He was picked to the NBA All-Rookie Team throughout his rookie season. Clark is one of only just a few rookies in NBA history to average 20 points and 10 rebounds per game.
He finished second in the NBA Rookie of the Year vote, losing to Terry Cummings, who is one of just four players in Major league history to average 20 points and 10 rebounds in a rookie season and not be elected into the Hall of Fame.
He was regarded as the next breakout NBA star after his rookie year achievement. However, Clark only played with the Pacers for three full seasons and parts of two others before dealing with chronic knee problems.
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Clark joined ESPN as a basketball analyst in 1990. He’s also worked for Prime Sports and the Big East Network. Kellogg served as a game analyst for CBS Sports’ NCAA Tournament coverage from 1993 to 1994.
He performed as a studio co-host for the NCAA Tournament early-round round coverage from 1994 to 1997.
He joined CBS Sports full-time in 1997 as a studio/game analyst for college basketball coverage, and along with Greg Gumbel and Sports Illustrated’s Seth Davis, he was one of three in-studio hosts for March Madness
. Kellogg generally work as the second game analyst until around Championship Week when he’d move to the studio for the following season.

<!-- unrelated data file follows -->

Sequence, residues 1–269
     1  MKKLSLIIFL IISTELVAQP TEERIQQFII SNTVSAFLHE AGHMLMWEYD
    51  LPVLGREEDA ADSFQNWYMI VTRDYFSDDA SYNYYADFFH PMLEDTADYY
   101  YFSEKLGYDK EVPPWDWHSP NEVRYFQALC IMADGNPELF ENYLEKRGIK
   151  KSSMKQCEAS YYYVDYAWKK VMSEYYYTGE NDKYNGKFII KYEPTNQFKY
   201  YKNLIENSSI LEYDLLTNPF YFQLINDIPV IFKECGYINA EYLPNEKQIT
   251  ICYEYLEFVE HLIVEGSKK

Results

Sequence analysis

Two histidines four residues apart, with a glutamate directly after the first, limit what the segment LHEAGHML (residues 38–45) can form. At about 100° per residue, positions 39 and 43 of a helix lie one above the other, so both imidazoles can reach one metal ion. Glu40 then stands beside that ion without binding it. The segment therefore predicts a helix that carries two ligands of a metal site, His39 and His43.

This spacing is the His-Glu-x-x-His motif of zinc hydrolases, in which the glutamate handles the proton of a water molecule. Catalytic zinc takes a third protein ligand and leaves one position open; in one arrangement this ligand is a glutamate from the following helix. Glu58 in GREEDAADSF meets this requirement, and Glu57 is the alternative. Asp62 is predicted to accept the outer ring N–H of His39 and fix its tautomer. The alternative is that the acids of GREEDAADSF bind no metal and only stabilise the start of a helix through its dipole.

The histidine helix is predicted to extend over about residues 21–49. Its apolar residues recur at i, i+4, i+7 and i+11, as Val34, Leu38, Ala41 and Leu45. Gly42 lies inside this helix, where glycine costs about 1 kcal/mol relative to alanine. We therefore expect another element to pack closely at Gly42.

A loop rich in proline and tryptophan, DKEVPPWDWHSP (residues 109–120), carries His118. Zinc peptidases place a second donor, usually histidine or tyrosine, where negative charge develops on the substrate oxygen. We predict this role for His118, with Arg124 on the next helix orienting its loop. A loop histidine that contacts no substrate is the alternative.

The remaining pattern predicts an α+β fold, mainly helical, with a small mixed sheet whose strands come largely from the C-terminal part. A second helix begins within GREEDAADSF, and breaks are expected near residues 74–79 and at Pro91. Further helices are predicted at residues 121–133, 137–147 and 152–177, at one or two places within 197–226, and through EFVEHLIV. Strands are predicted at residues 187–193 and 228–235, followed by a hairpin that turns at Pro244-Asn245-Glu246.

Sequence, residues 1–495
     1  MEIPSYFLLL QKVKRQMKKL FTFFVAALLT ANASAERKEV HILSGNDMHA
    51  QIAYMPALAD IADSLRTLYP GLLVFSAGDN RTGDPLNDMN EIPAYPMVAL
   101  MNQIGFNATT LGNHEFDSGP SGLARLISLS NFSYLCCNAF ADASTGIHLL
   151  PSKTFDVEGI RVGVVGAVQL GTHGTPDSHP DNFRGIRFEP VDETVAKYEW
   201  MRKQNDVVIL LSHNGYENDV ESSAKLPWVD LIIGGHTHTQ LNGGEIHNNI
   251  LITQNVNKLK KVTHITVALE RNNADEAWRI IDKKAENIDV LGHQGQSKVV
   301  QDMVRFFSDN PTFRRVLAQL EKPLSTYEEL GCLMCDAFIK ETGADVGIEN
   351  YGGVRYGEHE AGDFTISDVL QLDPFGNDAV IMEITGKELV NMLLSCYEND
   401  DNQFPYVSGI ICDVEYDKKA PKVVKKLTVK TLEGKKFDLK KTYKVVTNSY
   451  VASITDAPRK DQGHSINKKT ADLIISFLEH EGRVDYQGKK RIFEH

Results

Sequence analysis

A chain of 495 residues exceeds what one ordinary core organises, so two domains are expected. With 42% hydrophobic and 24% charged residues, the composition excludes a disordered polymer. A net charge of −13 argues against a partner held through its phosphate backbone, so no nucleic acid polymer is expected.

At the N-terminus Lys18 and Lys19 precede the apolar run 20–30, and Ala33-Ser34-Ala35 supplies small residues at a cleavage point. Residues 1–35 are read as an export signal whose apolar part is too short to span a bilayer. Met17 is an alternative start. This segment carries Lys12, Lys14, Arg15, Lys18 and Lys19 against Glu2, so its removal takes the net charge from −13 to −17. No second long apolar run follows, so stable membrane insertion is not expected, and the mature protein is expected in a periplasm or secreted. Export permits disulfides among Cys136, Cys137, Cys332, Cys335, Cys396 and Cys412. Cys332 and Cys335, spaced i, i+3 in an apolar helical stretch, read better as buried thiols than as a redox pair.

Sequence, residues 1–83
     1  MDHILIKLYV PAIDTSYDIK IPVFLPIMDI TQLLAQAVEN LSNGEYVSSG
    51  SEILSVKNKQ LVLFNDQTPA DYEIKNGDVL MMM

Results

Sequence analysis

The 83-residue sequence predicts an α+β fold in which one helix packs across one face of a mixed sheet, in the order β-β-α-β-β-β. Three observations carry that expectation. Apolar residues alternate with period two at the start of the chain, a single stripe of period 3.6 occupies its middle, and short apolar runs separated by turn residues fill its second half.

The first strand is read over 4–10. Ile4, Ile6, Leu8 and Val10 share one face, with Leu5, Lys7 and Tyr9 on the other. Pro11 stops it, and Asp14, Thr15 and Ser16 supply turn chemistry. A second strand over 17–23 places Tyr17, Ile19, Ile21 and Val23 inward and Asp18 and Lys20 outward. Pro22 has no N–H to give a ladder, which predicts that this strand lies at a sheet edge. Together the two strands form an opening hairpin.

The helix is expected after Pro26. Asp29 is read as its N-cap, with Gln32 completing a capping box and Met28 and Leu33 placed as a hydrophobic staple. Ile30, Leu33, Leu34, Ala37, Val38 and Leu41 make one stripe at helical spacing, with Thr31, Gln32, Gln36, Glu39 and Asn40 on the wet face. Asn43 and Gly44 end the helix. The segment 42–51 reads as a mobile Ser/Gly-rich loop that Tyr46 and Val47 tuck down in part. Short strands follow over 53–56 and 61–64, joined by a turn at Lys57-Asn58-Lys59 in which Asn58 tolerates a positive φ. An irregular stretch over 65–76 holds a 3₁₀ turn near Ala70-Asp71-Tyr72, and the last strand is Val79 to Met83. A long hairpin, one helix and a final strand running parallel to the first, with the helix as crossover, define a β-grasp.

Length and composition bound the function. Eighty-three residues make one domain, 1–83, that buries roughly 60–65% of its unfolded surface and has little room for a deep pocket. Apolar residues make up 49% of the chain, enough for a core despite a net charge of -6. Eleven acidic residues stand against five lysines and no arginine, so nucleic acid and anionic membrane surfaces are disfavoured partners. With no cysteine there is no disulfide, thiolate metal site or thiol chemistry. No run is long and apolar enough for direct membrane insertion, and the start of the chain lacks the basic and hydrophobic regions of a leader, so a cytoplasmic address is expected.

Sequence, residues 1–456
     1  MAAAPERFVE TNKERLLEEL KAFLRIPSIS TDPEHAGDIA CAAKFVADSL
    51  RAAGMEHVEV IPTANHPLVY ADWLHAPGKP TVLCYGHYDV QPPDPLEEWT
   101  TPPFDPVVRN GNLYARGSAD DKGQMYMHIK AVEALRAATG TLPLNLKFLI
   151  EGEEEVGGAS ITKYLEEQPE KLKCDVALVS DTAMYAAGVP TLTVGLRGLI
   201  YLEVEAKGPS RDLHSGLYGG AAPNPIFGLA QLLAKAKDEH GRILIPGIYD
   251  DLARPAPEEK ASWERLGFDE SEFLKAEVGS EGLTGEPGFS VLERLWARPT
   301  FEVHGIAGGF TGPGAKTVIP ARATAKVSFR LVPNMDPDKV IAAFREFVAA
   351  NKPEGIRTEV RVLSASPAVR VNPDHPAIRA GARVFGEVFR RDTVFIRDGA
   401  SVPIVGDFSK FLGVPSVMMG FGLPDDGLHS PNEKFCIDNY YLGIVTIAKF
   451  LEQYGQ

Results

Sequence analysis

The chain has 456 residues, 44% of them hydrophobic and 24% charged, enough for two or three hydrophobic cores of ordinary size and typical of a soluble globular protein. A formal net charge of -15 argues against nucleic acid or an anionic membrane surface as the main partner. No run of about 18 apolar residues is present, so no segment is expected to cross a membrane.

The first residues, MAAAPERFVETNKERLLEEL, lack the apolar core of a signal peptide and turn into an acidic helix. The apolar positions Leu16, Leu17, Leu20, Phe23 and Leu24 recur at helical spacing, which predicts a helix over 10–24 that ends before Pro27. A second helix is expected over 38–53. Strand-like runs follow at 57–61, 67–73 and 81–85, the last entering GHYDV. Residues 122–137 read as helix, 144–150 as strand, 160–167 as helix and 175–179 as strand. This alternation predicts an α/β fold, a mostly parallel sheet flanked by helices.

At the same time, Kellogg was covering another tournament game, this one in Greensboro, North Carolina, featuring Lehigh and Xavier. He returned to his previous position as a studio analyst in 2014.
Clark’s role as main college basketball game analyst was taken over by Greg Anthony (who had been a studio analyst since 2008). Kellogg was indeed a television analyst for the Indiana Pacers on the road.
Is Clark Kellogg married? Relationship Status
In 1983, the gentle giant married his high school love, Rosy, at the age of 22. Likewise, even after 37 years of marriage, the couple is still going strong and is an inspiration to their son and daughter, Nick and Talisa, respectively.
Nick and Talisa also followed in their father’s footsteps. Talisa is a Division I volleyball player for Georgia Tech, whereas Nick, like his father, played for Ohio but now plays for the Ohio Bobcats.